New retail activity revitalizes once-sleepy business corridor at 84th & W Center Rd, Omaha

New retail activity revitalizes once-sleepy business corridor at 84th & W Center Rd, Omaha

Note: Investors Realty Inc. leased and managed Canfield Plaza for the Canfield Family over multiple generations and is pleased and excited that their legacy lives on in this thriving area of Omaha.


By Barbara Soderlin / The Omaha World-Herald



For the first time since he started working at Canfield’s in 1993, Scott Marble said, there’s not an empty storefront around.

Canfield Plaza not only is full, but its new owner also may develop two new sites in its parking lot to accommodate more tenants.

It’s one of many signs of life in the business district around 84th Street and West Center Road, an area first developed more than 50 years ago that brokers say is now seeing new investment thanks to its location and an overall increase in leasing activity in Omaha in the past year.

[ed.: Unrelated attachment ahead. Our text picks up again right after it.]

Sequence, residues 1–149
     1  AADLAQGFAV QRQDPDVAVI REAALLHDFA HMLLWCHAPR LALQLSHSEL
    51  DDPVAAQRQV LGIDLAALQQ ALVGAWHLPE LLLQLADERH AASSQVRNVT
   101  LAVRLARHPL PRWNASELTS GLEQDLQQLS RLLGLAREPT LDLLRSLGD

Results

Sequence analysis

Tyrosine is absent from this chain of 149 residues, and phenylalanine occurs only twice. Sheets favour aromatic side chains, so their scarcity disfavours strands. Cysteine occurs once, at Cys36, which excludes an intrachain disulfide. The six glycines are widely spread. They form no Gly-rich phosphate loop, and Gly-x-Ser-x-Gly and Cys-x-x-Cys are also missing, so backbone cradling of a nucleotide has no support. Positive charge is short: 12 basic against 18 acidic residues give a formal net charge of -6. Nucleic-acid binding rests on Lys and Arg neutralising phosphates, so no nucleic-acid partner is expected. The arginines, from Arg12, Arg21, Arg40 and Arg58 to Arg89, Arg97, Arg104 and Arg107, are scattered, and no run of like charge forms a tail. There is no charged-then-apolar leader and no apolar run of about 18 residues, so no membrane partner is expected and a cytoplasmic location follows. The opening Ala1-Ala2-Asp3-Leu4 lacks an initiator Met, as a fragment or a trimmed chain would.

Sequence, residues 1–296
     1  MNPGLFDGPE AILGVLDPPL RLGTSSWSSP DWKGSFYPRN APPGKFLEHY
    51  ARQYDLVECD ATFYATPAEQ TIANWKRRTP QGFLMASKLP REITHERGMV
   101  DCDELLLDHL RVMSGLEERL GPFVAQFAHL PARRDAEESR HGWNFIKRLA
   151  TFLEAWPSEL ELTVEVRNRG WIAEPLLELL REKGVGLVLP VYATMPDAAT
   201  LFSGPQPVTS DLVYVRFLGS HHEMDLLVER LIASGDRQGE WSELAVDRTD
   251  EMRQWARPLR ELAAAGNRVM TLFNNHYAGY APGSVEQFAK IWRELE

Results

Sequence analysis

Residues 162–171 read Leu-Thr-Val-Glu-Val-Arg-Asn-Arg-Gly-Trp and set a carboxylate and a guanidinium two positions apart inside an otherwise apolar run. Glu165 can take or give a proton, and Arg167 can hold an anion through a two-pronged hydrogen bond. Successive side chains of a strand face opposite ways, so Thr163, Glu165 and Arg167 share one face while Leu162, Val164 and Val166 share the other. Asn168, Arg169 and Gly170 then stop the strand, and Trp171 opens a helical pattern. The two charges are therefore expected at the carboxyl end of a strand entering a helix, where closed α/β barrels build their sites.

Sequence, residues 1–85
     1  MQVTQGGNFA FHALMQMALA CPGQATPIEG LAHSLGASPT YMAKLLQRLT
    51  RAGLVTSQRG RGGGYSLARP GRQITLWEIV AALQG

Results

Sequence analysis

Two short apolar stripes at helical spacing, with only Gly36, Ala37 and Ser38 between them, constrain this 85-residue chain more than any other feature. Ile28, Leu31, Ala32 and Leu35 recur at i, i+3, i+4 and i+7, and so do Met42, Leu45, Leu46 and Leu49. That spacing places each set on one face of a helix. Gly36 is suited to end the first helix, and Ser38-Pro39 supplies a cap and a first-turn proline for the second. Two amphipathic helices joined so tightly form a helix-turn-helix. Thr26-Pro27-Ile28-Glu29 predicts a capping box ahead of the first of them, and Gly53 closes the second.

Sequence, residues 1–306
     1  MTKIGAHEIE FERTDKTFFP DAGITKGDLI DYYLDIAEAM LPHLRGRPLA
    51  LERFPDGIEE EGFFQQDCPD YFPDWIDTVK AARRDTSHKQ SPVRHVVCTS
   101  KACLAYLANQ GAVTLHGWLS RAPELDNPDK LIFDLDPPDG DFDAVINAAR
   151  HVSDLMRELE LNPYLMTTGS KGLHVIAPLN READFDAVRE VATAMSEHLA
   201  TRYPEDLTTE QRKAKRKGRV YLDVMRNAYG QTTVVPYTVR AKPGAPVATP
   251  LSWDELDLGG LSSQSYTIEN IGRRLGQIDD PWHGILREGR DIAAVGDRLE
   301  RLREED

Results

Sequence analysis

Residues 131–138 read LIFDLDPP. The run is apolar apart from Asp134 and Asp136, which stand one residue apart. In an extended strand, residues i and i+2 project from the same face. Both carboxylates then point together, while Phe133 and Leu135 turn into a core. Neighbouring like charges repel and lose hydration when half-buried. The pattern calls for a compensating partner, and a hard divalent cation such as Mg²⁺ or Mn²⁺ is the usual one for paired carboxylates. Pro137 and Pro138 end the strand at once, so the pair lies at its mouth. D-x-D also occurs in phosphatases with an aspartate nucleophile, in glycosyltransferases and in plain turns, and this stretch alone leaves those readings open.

If it weren’t squeezed between Interstate 80 and the upscale neighborhoods surrounding Westside High School and the Happy Hollow Country Club, the area might have been passed by as shopping center developments in more recent decades moved west and were concentrated in larger “power centers.”

In La Vista, they point out, 84th Street is a different story: a blighted commercial zone. Citizens there in May voted to increase their sales tax to develop new civic, commercial and residential uses for the corridor. Mayor Doug Kindig said free enterprise was not enough to revitalize the area after anchor stores Walmart and Hobby Lobby relocated.

But to the north, property owners are investing, and brokers say the land will become more efficient and valuable as new restaurants and retail buildings take shape in vast parking lots off the I-80 exit.

“Everyone thinks that 84th Street is a sleepy corridor — it’s not,” said Trenton Magid, whose World Group Commercial Real Estate is now managing Canfield Plaza, the commercial cluster anchored by Canfield’s and Westlake Ace Hardware at the southwest corner of 84th and West Center.